CONFERENCE-ARTICLE 5 Reads 0 Citations Food Security Challenges: Influences of an Energy/Water/Food Nexus Valeria De Laurentiis, Dexter Hunt, Christopher Rogers Published: 31 October 2014
The 4th World Sustainability Forum, doi: 10.3390/wsf-4-g003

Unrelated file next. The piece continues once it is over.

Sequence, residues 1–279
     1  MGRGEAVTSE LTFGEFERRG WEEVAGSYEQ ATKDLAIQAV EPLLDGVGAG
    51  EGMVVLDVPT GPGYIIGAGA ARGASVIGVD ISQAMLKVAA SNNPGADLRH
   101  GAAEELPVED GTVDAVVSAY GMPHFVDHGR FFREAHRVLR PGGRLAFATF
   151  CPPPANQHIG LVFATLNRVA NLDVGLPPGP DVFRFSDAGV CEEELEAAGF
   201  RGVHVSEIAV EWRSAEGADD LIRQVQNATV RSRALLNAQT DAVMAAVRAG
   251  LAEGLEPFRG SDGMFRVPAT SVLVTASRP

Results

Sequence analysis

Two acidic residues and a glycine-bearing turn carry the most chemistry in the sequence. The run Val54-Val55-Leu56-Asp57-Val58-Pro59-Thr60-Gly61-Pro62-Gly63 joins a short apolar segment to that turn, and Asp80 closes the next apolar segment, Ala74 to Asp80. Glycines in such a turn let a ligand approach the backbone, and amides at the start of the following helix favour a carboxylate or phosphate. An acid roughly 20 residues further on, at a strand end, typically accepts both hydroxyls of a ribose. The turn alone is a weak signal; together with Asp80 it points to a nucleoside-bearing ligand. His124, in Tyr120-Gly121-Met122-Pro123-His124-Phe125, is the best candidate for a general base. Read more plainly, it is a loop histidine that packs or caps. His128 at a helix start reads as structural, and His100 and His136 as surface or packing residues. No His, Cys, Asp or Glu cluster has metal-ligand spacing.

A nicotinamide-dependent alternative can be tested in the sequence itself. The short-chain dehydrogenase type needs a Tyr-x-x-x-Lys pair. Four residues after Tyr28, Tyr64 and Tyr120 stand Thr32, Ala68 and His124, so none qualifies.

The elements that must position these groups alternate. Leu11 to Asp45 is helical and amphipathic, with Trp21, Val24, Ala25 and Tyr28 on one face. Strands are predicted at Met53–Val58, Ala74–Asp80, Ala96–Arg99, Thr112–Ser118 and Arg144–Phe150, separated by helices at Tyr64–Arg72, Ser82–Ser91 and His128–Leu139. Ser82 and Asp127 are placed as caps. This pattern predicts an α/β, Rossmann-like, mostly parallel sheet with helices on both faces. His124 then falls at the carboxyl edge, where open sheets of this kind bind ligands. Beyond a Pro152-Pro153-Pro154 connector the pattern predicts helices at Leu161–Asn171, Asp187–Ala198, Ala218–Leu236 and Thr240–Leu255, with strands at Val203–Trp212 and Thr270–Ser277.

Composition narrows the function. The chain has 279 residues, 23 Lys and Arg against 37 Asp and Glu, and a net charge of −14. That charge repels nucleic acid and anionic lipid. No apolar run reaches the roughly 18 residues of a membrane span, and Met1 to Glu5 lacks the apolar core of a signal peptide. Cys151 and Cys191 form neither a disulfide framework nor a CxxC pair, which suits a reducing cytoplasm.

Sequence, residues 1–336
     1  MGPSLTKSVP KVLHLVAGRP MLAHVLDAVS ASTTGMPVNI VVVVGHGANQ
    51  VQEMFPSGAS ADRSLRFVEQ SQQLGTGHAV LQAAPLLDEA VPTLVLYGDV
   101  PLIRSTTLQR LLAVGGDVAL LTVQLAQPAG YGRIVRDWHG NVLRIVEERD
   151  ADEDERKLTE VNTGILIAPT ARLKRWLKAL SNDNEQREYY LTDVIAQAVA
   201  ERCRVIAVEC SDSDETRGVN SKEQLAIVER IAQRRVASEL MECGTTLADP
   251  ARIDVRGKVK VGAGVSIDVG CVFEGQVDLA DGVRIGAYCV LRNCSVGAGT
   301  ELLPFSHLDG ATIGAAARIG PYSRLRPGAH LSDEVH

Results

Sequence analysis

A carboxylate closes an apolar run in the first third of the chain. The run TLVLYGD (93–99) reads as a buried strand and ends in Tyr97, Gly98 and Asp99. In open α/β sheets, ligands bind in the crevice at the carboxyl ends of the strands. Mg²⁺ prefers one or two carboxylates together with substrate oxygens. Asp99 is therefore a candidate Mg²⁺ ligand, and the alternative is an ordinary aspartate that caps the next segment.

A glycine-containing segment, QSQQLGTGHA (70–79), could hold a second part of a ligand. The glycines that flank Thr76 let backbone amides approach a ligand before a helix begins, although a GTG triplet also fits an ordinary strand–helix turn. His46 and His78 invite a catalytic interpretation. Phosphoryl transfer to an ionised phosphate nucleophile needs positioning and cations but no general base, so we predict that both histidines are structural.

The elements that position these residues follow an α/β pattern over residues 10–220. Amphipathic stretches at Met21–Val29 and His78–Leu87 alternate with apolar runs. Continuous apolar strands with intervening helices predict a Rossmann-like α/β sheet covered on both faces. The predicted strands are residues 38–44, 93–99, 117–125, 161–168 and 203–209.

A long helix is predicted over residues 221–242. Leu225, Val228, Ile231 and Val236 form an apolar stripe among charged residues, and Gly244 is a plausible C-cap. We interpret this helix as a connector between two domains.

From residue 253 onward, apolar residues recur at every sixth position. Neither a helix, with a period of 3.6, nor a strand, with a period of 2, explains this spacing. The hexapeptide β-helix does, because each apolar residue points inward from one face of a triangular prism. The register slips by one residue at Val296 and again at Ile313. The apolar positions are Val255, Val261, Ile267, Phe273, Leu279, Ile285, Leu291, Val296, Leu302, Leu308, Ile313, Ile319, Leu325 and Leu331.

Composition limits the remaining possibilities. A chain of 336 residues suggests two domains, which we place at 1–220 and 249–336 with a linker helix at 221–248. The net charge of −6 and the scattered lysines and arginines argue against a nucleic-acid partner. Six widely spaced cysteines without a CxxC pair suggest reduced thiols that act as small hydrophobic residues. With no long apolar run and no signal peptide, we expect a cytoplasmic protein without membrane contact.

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The food/water/energy nexus is the study of the interactions and connections between these three resources, the synergies and tradeoffs that arise from the way they are managed, and the potential areas of conflict. The core of nexus thinking is that no good results can be achieved from considering these resources independently, which means that food security cannot be achieved in a context of either/both water or/and energy insecurity. All three elements have to be assured to foster sustainability, resilience, prosperity and peace. In this paper attention is focused on the challenges posed by this nexus on achieving food security, which is embodied in the first Millennium Development Goal (MDG), which seeks to halve the number of hungry people in the world between 1990 and 2015. The primary aim of the paper is to identify how the nexus mentality underlies most of the pathways that have been proposed to achieve this goal. It argues that significant shortfalls exist and need to be addressed: there is still no generally accepted definition, and identifiable metrics for assessing the extent to which a food system fosters food security are lacking. Such metrics are necessary when evaluating alternative strategies and negotiating trade-offs therein.